• Phonics results for all pupils have increased in 10 of the 12 OAs. In Scarborough (North Yorkshire Coast), the improvement in pupils meeting the expected standard in phonics, between 2016 and 2019, was +4ppts.
  • In 10 of the 12 OAs, Key Stage 2 combined attainment data for all pupils has increased by more than the national rate between 2016 and 2019. Between 2016 and 2019, on average the OAs saw a 11.8ppts rise in maths outcomes at KS2, which was 2.9 ppts higher than the increase in England overall.


Another way to assess progress is to compare the OAs to non-OA districts which are otherwise similar.

  • In Oldham, the proportion of all children achieving a good level of development – a key early years metric – rose 4 percentage points in the academic year to 2018/19 to 68.1%. Over the same period, neighbouring Rochdale saw a slight decrease of -0.2 percentage points to 66.2%.
  • At Key Stage 1 in 2018/19, Blackpool recorded a 1.5 percentage point increase to reach 82.2% of children achieving the expected standard in phonics. In contrast, North East Lincolnshire, a coastal area which is similar in some respects, saw a decrease of -0.6 percentage points to 81.7%.
  • In Bradford, the proportion of pupils who achieved the expected level in reading, writing and maths at Key Stage 2 rose 2.1 percentage points to 62.7% in 2018-19, which was twice the increase seen in Birmingham over the same period – a rise of 1 percentage point to 62.3%.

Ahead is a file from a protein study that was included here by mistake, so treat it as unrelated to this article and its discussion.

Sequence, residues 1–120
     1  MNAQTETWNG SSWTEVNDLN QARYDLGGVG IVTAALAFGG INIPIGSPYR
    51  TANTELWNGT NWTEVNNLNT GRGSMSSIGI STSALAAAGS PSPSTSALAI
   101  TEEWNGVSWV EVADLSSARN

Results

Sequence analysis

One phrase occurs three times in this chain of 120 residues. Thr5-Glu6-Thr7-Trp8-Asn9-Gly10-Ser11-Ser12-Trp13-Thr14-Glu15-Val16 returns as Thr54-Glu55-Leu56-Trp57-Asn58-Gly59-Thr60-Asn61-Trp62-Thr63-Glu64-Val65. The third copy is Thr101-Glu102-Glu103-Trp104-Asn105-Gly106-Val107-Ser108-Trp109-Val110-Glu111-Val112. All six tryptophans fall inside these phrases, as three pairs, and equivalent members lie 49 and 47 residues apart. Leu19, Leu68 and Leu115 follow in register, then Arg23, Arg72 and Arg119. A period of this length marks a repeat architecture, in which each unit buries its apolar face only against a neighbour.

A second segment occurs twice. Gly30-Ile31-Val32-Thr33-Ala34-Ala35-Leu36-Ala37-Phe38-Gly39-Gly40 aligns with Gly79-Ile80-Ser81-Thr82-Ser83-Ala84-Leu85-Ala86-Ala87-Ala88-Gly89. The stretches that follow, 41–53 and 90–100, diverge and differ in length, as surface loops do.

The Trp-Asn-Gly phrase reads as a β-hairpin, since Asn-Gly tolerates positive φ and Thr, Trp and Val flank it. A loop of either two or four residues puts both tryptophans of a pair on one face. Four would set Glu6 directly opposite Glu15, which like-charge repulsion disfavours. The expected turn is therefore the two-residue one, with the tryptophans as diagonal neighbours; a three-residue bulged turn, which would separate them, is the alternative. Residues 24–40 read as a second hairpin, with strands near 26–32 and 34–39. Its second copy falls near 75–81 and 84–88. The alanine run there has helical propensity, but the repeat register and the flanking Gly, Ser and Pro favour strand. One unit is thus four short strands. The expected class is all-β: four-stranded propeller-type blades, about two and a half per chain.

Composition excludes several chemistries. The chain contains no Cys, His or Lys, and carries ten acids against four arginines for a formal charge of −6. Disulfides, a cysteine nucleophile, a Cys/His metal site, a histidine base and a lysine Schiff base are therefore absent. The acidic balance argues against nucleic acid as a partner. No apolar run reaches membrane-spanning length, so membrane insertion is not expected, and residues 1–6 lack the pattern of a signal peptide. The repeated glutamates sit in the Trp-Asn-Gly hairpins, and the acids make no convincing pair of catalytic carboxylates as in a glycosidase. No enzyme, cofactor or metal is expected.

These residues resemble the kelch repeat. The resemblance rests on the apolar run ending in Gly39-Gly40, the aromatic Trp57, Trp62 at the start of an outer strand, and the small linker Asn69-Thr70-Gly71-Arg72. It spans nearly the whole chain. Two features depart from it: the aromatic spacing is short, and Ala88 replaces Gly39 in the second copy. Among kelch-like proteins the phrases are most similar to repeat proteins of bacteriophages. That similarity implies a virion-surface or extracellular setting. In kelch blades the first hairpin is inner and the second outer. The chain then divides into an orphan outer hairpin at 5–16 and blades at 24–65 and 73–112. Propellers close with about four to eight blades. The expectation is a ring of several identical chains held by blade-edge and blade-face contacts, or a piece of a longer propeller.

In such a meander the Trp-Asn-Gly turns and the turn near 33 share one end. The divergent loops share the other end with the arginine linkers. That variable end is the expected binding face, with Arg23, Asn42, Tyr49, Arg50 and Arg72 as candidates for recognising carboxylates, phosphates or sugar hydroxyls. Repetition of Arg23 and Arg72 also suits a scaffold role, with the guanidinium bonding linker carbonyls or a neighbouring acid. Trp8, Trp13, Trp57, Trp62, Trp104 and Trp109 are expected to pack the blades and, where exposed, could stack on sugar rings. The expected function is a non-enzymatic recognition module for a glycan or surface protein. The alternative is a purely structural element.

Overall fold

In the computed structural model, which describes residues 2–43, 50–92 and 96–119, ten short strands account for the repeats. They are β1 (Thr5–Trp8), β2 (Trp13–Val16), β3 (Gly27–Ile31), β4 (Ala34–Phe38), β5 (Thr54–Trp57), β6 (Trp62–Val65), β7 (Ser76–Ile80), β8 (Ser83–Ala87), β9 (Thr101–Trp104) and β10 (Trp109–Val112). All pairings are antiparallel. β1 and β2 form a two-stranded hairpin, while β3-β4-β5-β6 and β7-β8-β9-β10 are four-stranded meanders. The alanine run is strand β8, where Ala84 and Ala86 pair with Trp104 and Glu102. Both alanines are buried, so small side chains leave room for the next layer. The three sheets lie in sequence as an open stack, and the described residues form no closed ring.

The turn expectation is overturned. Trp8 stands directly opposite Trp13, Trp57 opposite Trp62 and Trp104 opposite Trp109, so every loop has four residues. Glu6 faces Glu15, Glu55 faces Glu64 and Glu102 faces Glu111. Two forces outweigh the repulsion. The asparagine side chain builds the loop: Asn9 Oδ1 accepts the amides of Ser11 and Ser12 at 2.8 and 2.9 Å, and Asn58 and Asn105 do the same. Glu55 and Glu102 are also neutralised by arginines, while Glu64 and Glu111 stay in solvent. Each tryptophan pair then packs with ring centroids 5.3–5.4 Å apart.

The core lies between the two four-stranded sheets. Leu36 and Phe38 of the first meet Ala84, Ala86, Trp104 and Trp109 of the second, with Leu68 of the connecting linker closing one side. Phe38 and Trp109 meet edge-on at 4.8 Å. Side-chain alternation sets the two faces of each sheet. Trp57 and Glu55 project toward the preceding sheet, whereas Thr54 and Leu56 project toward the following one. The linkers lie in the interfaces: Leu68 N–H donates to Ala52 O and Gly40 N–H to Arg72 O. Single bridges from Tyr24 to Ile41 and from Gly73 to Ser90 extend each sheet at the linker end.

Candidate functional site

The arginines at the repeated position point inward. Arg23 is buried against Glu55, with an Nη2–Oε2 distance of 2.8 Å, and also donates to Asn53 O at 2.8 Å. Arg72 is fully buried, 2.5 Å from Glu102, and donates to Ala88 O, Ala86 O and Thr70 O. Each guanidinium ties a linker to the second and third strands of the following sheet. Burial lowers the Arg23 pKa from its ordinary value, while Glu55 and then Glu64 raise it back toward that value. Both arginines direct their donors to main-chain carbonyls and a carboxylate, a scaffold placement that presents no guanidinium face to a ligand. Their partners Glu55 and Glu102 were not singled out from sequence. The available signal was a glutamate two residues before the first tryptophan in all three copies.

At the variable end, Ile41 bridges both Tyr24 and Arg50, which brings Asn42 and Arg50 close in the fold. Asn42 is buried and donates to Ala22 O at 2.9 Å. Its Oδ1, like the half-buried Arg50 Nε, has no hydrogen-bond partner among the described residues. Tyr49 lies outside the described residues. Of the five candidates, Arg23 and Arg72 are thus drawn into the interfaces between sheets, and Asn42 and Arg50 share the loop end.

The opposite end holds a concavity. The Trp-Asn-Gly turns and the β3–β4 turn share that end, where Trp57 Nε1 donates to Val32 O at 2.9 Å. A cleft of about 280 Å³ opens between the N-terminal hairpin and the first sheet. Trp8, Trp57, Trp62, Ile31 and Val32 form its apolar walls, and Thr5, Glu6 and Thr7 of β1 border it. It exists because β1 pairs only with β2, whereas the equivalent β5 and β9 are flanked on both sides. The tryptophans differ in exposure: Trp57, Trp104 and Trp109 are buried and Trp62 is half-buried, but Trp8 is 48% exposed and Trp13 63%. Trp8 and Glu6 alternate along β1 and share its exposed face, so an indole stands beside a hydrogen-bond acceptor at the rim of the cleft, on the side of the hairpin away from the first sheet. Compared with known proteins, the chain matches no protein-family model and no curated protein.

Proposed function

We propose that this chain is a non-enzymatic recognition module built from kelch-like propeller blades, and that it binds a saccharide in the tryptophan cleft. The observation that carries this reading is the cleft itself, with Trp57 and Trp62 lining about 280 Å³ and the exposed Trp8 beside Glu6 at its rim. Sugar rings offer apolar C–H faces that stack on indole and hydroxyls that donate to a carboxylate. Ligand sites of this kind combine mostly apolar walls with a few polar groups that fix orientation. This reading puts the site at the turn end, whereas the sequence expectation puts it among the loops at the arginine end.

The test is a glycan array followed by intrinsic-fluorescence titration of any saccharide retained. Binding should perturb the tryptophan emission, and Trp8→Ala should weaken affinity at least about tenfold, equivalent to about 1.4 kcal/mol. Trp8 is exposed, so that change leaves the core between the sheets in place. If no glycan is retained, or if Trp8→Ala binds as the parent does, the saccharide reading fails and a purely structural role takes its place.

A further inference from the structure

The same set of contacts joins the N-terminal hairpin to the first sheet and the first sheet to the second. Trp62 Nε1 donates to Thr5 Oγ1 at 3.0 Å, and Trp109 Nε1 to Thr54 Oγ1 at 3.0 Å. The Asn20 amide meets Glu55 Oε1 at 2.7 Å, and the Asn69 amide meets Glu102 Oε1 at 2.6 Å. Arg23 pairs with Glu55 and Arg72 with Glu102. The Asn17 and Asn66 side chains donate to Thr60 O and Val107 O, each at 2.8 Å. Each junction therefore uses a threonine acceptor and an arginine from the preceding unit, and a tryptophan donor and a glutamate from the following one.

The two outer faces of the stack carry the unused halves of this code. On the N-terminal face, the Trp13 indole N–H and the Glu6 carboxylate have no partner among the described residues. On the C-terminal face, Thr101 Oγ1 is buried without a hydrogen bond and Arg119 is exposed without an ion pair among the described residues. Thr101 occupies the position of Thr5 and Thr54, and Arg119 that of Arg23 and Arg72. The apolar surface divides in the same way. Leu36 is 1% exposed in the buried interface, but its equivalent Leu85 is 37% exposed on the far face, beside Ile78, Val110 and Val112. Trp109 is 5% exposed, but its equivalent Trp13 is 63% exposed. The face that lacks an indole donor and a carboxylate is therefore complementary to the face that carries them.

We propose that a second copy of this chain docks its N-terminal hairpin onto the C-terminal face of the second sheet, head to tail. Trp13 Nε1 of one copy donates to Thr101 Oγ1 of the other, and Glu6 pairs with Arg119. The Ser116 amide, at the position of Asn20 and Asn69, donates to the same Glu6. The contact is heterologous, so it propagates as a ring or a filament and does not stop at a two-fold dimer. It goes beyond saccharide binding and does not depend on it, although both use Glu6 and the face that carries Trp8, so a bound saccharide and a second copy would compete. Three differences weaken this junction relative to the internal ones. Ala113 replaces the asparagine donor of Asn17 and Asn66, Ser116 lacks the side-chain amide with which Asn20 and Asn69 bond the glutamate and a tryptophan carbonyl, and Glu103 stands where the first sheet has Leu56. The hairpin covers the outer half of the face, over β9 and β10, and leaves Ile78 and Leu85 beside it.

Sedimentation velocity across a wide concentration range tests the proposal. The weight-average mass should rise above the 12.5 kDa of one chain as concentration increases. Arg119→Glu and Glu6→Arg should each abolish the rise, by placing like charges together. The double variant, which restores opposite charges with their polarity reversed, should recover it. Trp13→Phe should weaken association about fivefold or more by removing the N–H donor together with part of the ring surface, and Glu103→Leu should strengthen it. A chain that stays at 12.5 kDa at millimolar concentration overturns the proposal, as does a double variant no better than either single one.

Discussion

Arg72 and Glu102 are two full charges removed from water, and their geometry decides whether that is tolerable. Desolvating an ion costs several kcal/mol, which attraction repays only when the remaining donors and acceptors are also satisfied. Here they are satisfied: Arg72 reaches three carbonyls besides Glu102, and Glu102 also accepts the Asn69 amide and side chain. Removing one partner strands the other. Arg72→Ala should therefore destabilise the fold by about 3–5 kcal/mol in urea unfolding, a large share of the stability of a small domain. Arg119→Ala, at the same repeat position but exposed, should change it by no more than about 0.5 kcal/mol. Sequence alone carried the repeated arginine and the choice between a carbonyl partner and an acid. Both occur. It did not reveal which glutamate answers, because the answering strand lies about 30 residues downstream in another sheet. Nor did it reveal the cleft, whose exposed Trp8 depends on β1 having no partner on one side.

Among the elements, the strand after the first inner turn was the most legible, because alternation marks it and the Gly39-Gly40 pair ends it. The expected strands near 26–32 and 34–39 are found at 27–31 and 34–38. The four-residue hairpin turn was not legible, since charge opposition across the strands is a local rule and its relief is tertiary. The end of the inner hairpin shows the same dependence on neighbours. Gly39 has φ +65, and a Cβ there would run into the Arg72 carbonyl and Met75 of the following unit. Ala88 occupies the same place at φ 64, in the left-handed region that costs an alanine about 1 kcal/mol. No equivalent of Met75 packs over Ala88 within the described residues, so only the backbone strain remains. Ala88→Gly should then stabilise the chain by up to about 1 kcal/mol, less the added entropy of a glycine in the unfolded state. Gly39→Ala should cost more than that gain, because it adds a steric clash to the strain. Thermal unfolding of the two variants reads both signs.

How place impacts on education

Our analysis of government data found that the area a child grows up in mattered as much as individual family circumstances when it came to determining how far they fell behind at school during the COVID-19 pandemic.

Primary school children on free school meals living in more affluent areas experienced a similar degree of learning loss in maths (1.1 months on average) as those from better off families living in more deprived areas (1.2 months on average).

Unsurprisingly, the impact fell hardest on children from less well-off backgrounds living in deprived areas who lost around 1.5 months of learning on average. Children from wealthier backgrounds living in more affluent areas lost just 0.5 months in comparison.

This reiterates the case for a place-based approach to improving education and social mobility outcomes.

Right to Succeed ‘Cradle to Career’